New Times / Art
The following articles were printed from New Times [newtimesslo.com] - Volume 25, Issue 27
Caleb Barefoot gets his feet wetThis Templeton artist's first solo show is designed to knock your socks off
By ANNA WELTNER
Words form Caleb Barefoot’s head: “Designer.” “Punk.” “Liar.” “Explorer.”
His right nostril is “Rebel.” “Dreamer” shapes his left brow.
“I was just using labels that people use for themselves,” the graphic artist said, explaining his typographical self-portrait. “Not just one of those words is going to describe that person. And it’s the good with the bad; it’s not just going to be all good things.”
When you consider that the contrast of positive and negative elements is also a key principle of design, the statement becomes unexpectedly profound. Equal parts positive and negative are required to make a whole image—or whole person, if you want to make that leap.
Hailing from Templeton, Barefoot cites Banksy, Eelus, and David Carson as his personal heroes, and there’s an echo of each of them in his work. Pieces like Downpour, comparable to British street artist Eelus’ Not Everything Is So Black and White, manage to retain their individuality while nodding to genre greats. Barefoot’s wordy self-portrait is a highly personal work, yet clearly inspired by David Carson’s typographical masterpieces.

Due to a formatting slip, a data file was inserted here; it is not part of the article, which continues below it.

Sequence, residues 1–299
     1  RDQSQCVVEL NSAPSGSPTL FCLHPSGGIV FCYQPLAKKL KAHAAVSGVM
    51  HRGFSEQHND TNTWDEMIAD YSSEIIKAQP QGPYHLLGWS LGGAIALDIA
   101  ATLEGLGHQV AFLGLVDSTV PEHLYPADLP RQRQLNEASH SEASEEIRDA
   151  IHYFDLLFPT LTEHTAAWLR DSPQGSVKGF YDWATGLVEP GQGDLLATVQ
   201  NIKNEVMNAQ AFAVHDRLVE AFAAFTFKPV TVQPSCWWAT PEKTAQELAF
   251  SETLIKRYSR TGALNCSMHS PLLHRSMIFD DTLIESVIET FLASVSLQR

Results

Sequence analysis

A friend’s bootlegged copy of Photoshop changed everything for a young Barefoot, whose focus had previously been on making music.
I had no idea what it was about. I did a few basic tutorials on it, and this light bulb clicked. Just blew down walls,” he said. “And I was like, ‘This program is basically limitless.’ So I started messing around with it a whole lot. And I started to consider graphic design.”
Barefoot, 23, now holds two degrees—in music performance and graphic design—from Cuesta College. Though he was accepted to Otis College of Art and Design in Santa Monica in the fall of 2010, Barefoot stuck around San Luis Obispo County, unable to get the money together to attend that school. He now plans to transfer in the fall of this year.
Barefoot’s Technicolor zebras, typographical self-portrait, and storm-resistant girl—hanging through the month at West End Espresso and Tea—represent a few of the different places his creativity has taken him.
Soon enough, though, that creativity is bound to take him out of Templeton. Let’s hope this time, financial storm clouds won’t stand in the way of a bright future.
Arts Editor Anna Weltner’s back left molar is “Feisty.” Contact her at firstname.lastname@example.org.
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